13 Dr. John D. Barge, State School Superintendent “Making Education Work for All Georgians” 13 Sample CRCT Item: ELA In the grade 7 CC, students are expected to express ideas clearly and precisely, without using unnecessary, wordy, or redundant language. In the GPS students were expected to identify extraneous information; however, the grade 7 CC also measures students’ ability to hone relevant language for precision and clarity.

14 Dr. John D. Barge, State School Superintendent “Making Education Work for All Georgians” 14 Sample CRCT Item: Mathematics In the grade 3 CC, students are expected to specifically recognize fractions that are equivalent to whole numbers. In the GPS, the focus was on understanding that fractions represent equal sized parts of a whole. This understanding is still a focus in the grade 3 CC as well, but goes beyond the specifics of GPS.

15 Dr. John D. Barge, State School Superintendent “Making Education Work for All Georgians” 15 Sample CRCT Item: Mathematics In the grade 6 CC, students are expected to find the volume of right rectangular prisms specifically with fractional edges. In the GPS, the focus in grade 6 was also on finding the volume of rectangular prisms but fractional edge lengths were not the focus.

16 Dr. John D. Barge, State School Superintendent “Making Education Work for All Georgians” 16 Sample CRCT Item: Mathematics In the grade 8 CC, students are expected to apply the Pythagorean Theorem to find the distance between two points. In the GPS, the focus was on applying properties of a right triangle including the Pythagorean Theorem to find a missing part of a right triangle. The CC standard is more “abstract” and requires that the students recognize that they need to draw in the right triangle on the coordinate grid.

17 Dr. John D. Barge, State School Superintendent “Making Education Work for All Georgians” Race To The Top Assessment Resources

18 Dr. John D. Barge, State School Superintendent “Making Education Work for All Georgians” RT3 Assessment Resources CCGPS Formative Item Bank Interim Benchmarks Assessment Literacy/Formative Instruction Online Learning Modules 18

19 Dr. John D. Barge, State School Superintendent “Making Education Work for All Georgians” CCGPS Formative Item Bank Approximately 750 new ELA and mathematics items are now loaded into the Online Assessment System (OAS Level 2) Another round of field testing has taken place in recent weeks... With availability of more items scheduled for Fall

20 Dr. John D. Barge, State School Superintendent “Making Education Work for All Georgians” Sample CCGPS Formative ELA Item Compare and contrast the two farmers and their farms. What could each farmer learn from the other? Support your conclusions with numerous appropriate examples from the story. Actual Student Response 1: Oliver should relise that it doesn’t matter how it looks it just needs to be healthy. Actual Student Response 2: They both own a farm and they both are farmers. They both grow crops. They grow different crops. Abe’s crops did not grow in strait rows. 20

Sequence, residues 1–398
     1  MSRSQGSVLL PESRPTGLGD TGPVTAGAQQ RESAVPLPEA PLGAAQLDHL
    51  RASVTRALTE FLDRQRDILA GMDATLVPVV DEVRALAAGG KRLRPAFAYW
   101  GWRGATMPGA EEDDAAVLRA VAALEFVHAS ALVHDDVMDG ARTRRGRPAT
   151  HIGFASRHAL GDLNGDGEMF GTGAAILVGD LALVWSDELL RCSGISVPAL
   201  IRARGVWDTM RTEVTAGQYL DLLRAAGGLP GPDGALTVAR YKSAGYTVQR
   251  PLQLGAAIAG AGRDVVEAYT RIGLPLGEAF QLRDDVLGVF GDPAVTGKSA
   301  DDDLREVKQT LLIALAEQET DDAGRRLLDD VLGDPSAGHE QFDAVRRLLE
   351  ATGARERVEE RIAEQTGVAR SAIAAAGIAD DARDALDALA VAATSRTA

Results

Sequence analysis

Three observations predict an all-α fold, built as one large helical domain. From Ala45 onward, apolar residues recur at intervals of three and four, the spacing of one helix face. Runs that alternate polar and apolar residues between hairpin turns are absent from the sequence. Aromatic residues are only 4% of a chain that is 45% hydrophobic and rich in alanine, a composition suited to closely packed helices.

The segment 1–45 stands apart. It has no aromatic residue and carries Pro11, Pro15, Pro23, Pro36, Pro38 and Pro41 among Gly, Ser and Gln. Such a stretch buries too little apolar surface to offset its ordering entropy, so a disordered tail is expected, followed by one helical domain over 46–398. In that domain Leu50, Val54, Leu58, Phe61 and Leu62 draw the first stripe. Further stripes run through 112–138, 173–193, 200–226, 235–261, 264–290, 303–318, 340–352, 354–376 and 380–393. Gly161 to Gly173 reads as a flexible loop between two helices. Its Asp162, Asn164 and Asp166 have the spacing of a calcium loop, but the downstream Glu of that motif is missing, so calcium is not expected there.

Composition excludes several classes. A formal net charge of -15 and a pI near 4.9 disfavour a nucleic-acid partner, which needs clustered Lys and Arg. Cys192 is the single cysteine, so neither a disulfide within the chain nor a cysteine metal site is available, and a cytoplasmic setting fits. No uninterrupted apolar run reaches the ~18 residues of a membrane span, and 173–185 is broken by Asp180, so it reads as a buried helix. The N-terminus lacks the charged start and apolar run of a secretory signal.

21 Dr. John D. Barge, State School Superintendent “Making Education Work for All Georgians” Key Findings from Phase I Pilot On open-ended items, preponderance of score points 1 and 2 –Incomplete responses –Responses hampered by writing skills –Students did not show work in mathematics; did not cite evidence from text in ELA; and in general, could not explain why they did what they did Students should be earning 3s or 4s to demonstrate grade-level mastery of the standards 21

22 Dr. John D. Barge, State School Superintendent “Making Education Work for All Georgians” Implications for the Classroom 22 Clearer directions for students so they understand the expectations of a good response –Complete sentences, good grammar and syntax –Connections –Explanations and rationales Student self-checklists to assist students in assessing their own responses working on tasks Reinforce instructional recommendations to teachers –Instruction aligned with CCGPS content and rigor –Classroom assessments designed with focus on students articulating how they know what they know –Lessons and classroom assessments integrate knowledge; thus, address multiple standards and domains

23 Dr. John D. Barge, State School Superintendent “Making Education Work for All Georgians” Interim Benchmark Assessments 24 Interim Benchmark Assessments will be mini-summative and ALL in OAS Level 3 –ELA in Grades 1 – HS (9 th Grade Literature, 10 th Grade Literature, American Literature) –Mathematics in Grades 1 – HS (Coordinate Algebra, Analytic Geometry, and Advanced Algebra) –Bank (for system-level staff to select from) of Science and Social Studies items in Grades 3 – HS (Biology and U.S. History) 23

24 Dr. John D. Barge, State School Superintendent “Making Education Work for All Georgians” Interim Benchmark Assessment Availability Phase 1—Targeted for Fall 2013 Grades/Content Areas Targeted for Phase 1: –Grades 1 – 3 ELA and Math –Grade 6 – 8 ELA –High School Coordinate Algebra, 10 th Grade Literature and U.S. History 24 Phase 1 Pilot in Late April – May 2013

25 Dr. John D. Barge, State School Superintendent “Making Education Work for All Georgians” Interim Benchmark Assessment Availability Phase 2—Fall 2014 Grades/Content Areas Targeted for Phase 1: –Grades 4 – 5: ELA and Math –Grades 6 – 8: Math –High School: 9 th Grade Literature, Biology, 11 th Grade Literature, Analytic Geometry, Advanced Algebra 25 Phase 2 Pilot in Spring 2014